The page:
Chol, chol, chol

The committee made a number of suggestions. Among the short-listed anthems, there was only one in Bengali, by the poets Kazi Nazrul Islam and Jasimuddin. Their anthem “Chol, Chol, Chol” (move forward, move forward, move forward) was not adopted but later declared as national song. Yaqoob Khan Bangash comments in his article Hymning the Nation on the failure of the commission to select anything from the vast corpus of the poet Muhammad Iqbal. Bangash writes:

This was interesting since Iqbal’s corpus was large, and India had already used his poem ‘Sare Jahan Say Accha’ as one of their national songs. For Pakistan to have been unable to find a suitable poem, especially when it regarded him as the originator of the idea of Pakistan and their national poet, was in the least embarrassing.

Being a member of National Anthem Committee, Bukhari also submitted his own lyrics for the anthem:

Qaumi Taranah by Z.A. Bukhari

insaaniyat ka nishaan / ilm o amalimaan / azm o yaqeen hai zindagi
/zindagi amal*

insaaniyat ka nishaan / insaaniyat ka nizaam / Allah keeh kaam / Pakistan ki har dam khidmat / hum sab ka imaan

insaaniyat ka nishaan / ilm o amalimaan / azm o yaqeen hai zindagi / zindagi amal / insaaniyat ka nishaan

Bukhari’s poetry was rejected by the committee. Instead, their final choice was a poem by Hafeez Jalandhari based on Rag Bilwal: “Pak, sar zameen shād bād”. Being not someone to give up easily, Bukhari then sought to edit the original text of Jalandhari’s submission such that an entire stanza from Jalandhari’s poetry was replaced with his own poetry :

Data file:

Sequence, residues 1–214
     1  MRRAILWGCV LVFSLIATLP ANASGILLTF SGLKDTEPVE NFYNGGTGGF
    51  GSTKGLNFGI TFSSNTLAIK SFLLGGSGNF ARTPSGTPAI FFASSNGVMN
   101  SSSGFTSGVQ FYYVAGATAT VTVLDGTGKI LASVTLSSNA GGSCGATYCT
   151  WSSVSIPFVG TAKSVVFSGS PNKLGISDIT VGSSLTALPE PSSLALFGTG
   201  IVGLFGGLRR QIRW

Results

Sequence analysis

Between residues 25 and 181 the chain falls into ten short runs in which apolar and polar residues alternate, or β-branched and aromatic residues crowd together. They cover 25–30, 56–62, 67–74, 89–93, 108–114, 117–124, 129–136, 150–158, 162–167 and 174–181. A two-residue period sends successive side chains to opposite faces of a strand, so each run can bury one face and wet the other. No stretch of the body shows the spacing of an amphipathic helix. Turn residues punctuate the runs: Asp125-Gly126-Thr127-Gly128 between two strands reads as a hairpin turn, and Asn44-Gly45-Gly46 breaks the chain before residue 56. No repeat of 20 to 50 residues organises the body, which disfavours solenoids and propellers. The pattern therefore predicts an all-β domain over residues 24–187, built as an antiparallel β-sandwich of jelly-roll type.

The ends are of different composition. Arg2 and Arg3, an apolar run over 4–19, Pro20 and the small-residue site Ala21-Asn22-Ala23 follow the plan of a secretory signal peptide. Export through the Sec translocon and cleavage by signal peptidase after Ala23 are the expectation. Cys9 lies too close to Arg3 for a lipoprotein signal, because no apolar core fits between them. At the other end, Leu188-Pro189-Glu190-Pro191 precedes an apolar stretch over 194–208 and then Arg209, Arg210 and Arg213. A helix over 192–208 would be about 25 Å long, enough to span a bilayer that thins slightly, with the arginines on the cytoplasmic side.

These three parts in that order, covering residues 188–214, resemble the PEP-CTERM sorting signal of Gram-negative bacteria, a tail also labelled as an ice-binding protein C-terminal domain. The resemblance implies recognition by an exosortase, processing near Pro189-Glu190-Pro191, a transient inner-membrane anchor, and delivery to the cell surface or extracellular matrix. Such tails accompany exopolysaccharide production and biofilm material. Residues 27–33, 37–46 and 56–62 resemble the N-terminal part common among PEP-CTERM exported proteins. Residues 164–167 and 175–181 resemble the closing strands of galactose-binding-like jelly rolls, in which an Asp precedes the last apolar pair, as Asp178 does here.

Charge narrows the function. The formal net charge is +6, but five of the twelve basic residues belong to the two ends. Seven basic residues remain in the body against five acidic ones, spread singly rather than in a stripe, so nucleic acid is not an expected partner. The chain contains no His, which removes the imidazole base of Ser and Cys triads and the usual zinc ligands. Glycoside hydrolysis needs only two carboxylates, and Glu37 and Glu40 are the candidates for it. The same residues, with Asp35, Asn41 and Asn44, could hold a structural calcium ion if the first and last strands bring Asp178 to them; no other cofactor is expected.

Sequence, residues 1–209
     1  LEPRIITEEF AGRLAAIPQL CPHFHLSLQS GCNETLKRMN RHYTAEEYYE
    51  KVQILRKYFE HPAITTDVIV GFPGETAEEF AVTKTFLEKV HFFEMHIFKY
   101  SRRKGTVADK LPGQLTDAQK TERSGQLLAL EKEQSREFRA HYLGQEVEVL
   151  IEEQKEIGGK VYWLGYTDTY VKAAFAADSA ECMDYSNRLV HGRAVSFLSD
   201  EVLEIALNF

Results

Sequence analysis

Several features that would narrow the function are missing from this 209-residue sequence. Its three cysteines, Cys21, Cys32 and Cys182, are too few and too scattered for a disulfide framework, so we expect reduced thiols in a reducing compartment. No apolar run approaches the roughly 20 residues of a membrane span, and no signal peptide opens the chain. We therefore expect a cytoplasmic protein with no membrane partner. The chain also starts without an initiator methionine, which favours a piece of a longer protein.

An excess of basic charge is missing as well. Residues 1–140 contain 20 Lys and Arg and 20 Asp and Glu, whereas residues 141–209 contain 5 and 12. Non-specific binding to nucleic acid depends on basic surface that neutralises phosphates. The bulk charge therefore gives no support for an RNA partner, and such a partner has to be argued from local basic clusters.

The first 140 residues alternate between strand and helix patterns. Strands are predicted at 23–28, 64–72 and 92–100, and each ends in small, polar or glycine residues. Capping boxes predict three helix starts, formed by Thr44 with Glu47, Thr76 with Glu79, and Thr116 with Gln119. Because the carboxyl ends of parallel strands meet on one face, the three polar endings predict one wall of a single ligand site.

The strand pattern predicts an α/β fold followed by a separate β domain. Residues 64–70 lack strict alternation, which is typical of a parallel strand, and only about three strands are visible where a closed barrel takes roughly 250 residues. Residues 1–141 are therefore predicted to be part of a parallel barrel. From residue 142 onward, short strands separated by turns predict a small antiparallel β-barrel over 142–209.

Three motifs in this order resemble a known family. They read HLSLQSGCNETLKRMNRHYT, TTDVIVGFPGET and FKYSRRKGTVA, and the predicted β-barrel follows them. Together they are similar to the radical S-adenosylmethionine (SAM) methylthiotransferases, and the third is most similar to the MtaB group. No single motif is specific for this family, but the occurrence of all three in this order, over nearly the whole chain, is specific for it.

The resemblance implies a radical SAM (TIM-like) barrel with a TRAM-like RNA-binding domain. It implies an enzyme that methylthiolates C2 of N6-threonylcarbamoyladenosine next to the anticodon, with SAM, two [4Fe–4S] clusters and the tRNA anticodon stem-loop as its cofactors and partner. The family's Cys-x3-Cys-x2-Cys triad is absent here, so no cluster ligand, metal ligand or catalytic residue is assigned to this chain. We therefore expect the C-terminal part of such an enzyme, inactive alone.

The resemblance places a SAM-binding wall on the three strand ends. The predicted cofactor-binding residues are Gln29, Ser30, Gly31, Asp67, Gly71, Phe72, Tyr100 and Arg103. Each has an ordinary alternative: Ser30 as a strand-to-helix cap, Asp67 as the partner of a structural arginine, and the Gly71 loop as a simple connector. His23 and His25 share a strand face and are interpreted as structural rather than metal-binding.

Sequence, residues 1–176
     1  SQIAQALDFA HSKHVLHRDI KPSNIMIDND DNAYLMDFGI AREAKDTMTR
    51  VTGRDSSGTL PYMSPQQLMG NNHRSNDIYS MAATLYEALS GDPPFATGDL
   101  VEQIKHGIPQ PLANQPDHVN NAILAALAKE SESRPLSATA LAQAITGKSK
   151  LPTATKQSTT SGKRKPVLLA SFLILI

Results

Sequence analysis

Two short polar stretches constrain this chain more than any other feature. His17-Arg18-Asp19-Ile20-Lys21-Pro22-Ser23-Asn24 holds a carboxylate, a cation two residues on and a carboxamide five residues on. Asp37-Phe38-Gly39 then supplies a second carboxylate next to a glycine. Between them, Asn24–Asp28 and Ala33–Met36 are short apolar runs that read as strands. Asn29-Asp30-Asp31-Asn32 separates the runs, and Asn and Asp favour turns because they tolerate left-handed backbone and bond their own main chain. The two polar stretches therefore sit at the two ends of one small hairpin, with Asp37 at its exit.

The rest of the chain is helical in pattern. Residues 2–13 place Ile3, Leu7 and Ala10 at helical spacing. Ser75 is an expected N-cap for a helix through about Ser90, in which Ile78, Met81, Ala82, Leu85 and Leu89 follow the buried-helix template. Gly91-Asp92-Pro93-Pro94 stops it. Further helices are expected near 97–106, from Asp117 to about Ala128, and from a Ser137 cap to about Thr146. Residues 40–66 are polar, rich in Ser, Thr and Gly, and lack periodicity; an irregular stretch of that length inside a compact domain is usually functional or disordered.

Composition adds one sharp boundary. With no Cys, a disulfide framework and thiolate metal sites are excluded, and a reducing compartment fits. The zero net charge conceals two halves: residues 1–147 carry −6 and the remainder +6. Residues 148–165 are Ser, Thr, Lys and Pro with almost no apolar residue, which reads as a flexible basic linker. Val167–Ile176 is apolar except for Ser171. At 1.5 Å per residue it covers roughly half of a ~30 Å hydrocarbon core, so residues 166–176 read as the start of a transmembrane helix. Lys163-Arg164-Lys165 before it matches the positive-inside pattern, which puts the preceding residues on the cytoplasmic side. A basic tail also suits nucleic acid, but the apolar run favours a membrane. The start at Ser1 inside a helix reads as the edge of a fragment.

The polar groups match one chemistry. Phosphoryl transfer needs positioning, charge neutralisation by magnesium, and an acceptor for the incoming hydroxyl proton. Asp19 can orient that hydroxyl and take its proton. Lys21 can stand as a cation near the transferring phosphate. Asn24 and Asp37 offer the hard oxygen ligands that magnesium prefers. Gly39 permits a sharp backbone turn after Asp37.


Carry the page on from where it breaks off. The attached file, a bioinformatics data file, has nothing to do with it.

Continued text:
Parcham-e-Sitara-O-Hilaal / Rehbar-e-Taraqqi O Kamal / Tarjuman-e-Maazi Shaan-e-Haal
Jaan-e-Istaqbal! / Saya-eh-Khuda-e-ZulJalaal

with

Insāniyat ka nishān / Iilm o amal imān / Azm o yaqeen hai zindagi / Zindagi amal / Insāniyat ka nishān

Jalandhari took strong exception to the changes, and wrote to Hashim Raza defending the poetic and lyrical uniformity of his work. The amended stanza of Bukhari’s poetry was removed from Jalandhari’s poetry and the anthem was approved as-is. It was the last attempt by Bukhari to influence national anthem.

Z. A. Bukhari’s attempt to “Islamicize” the national anthem is an instructive moment from the early history of Pakistan. He was among those in bureaucracy who wanted to use religion as a cohesive force. In his views, an anthem of religious nature, based on the Qur’an, would be a universally known signal that Pakistan was an Islamic Republic. Perhaps his use of Qur’an can be seen as force to protect the newly independent country from internal and outer threats. The adaptation of powerful symbols of state, such as the flag and the anthem would link Islam and Pakistan. Yet, the tune of National Anthem of Pakistan is purely western and recorded on a western musical instrument.

Mahe Nau